An Introduction to Willinsky and the Text
Physical Copy Cost: $40
Open Access Digital Copy Available here
In The Intellectual Properties of Learning: A Prehistory from Saint Jerome to John Locke (2018), open access advocate and intellectual property scholar John Willinsky has constructed a history of the people and events that eventually led to the earliest version of what we now describe as intellectual property laws. Drawing attention to influential thinkers, Willinksy's monograph covered the late antiquarian and early medieval period up to John Locke's Two Treatise of Government (1689), which prompted the British government to develop the first intellectual property law, The Statute of Anne (1710). According to Willinsky's account of intellectual property law, the steady decrease in public access to academic materials has been consistently apparent throughout history. Consequently, it has become critical for scholars to pursue publishing in open access venues today.
One notable feature of this monograph is that Willinsky managed to successfully negotiate with The University of Chicago Press for a pre-production draft of the book to be digitally available for download free of charge on Stanford University's website. Willinsky’s ability to convince the University of Chicago Press to allow the free access of the book was unprecedented for the publisher and extremely progressive in regards to the push for more open access academic materials. The open access text, however, is not immune to criticism. For instance, prior to downloading the text, one must submit their email in order to gain access to the download. Although this seems like a minor inconvenience, it is more problematic for those who value anonymity when navigating the internet. Although there are easy ways around having to provide an authentic email address, if one takes the term open access in its most strict interpretation an email requirement could be interpreted as the text only being openly accessible at the cost of personal information.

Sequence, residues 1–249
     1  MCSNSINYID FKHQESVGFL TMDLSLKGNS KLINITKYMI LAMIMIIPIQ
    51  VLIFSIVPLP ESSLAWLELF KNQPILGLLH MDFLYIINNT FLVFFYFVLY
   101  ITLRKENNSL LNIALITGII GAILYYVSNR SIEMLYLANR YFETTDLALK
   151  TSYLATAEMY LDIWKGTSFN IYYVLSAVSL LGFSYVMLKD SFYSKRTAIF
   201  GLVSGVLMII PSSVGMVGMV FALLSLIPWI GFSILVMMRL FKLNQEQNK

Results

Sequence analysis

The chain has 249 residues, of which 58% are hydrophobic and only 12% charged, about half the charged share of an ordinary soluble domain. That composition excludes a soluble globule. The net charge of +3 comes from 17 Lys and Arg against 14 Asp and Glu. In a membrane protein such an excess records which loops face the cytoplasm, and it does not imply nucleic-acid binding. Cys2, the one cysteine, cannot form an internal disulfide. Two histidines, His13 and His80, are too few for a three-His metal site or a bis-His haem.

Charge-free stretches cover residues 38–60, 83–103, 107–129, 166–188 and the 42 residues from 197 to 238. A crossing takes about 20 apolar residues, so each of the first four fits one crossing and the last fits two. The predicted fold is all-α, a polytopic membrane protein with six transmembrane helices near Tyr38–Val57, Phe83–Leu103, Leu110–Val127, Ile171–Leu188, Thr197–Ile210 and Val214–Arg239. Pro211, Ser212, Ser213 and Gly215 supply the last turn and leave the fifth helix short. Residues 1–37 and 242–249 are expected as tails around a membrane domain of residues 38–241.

A second criticism for the open access version is that each chapter must be downloaded individually. Although this division may provide easier access to specific sections or chapters of the text, providing a complete copy of the text would be equally beneficial. Besides having to take a few more minutes to download the entire text, which is mildly irritating, readers are inconvenienced by either having to merge the individual PDF files or switch between files when beginning a new chapter. However, neither Willinsky nor Stanford University should necessarily be blamed for this inconvenience. There are many factors that could have influenced this decision beyond personal design choices. Ultimately, Willinsky's text is valuable scholarship, as it handles topics relevant to all academic disciplines.